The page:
Judgment No. 4020
1. Eurocontrol shall pay the complainant 20,000 euros in moral damages.
2. It shall also pay him costs in the amount of 3,000 euros.
3. All other claims in the fifth complaint are dismissed, as is the sixth complaint.
The complainant challenges the denial of his second request to benefit from the temporary early termination of service scheme and the implied decision to reject his claim for compensation.
complaint allowed; compensatory allowance
It is well settled that complaints may be joined if they raise the same issues of law and the material facts upon which the claims rest are the same such that the Tribunal can deliver a single ruling (see Judgment 3427, under 10). In the instant case, in his fifth complaint the complainant seeks inter alia the setting aside of the decision to dismiss his new request to take advantage of the ETS scheme, and in his sixth complaint he claims damages for the unlawful denial of that request, amongst other relief. As the two cases are clearly interconnected, it is convenient to join them in the interests of the sound administration of justice.
ILOAT Judgment(s): 3427
In accordance with Article VII, paragraph 1, of the Statute of the Tribunal, “[a] complaint shall not be receivable unless the decision impugned is a final decision and the person concerned has exhausted such other means of redress as are open to her or him under the applicable Staff Regulations”.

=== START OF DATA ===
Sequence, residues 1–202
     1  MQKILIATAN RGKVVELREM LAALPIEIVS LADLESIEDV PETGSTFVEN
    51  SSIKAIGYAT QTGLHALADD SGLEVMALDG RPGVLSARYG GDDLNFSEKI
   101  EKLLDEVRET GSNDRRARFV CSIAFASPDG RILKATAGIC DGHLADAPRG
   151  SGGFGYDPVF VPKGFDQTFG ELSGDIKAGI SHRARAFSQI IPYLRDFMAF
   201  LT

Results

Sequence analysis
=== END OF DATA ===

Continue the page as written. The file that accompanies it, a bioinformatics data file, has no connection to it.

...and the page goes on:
[I]t is well settled that this rule, that internal means of redress must first be exhausted, does not apply to a claim for moral damages, which constitute a natural form of relief which the Tribunal has the power to grant in all circumstances (see, for example, Judgments 3080, under 25, 2779, under 7, and 2609, under 10). The claim for compensation under this head is therefore receivable.
ILOAT reference: Article VII, paragraph 1, of the Statute
ILOAT Judgment(s): 2609, 2779, 2779, 3080
moral injury; internal remedies exhausted
As stated in Judgments 3034, under 33, and 2459, under 9, when it deals with a claim, an administrative authority must generally base itself on the provisions in force at the time it takes its decision and not on those applicable at the time the claim was submitted. Only where this approach is clearly excluded by the new provisions, or where it would result in a breach of the requirements of the principles of good faith, the non-retroactivity of administrative decisions and the protection of acquired rights, will the above rule not apply.
If, as a result of the Tribunal setting aside an administrative decision, the competent authority must take a new decision on a claim presented to it, the Administration must base that decision on the legal and factual circumstances existing on the date on which it takes its new decision. Indeed, in that situation, none of the exceptions to the principle established by the case law cited above applies.
ILOAT Judgment(s): 2459, 3034
decision quashed; applicable law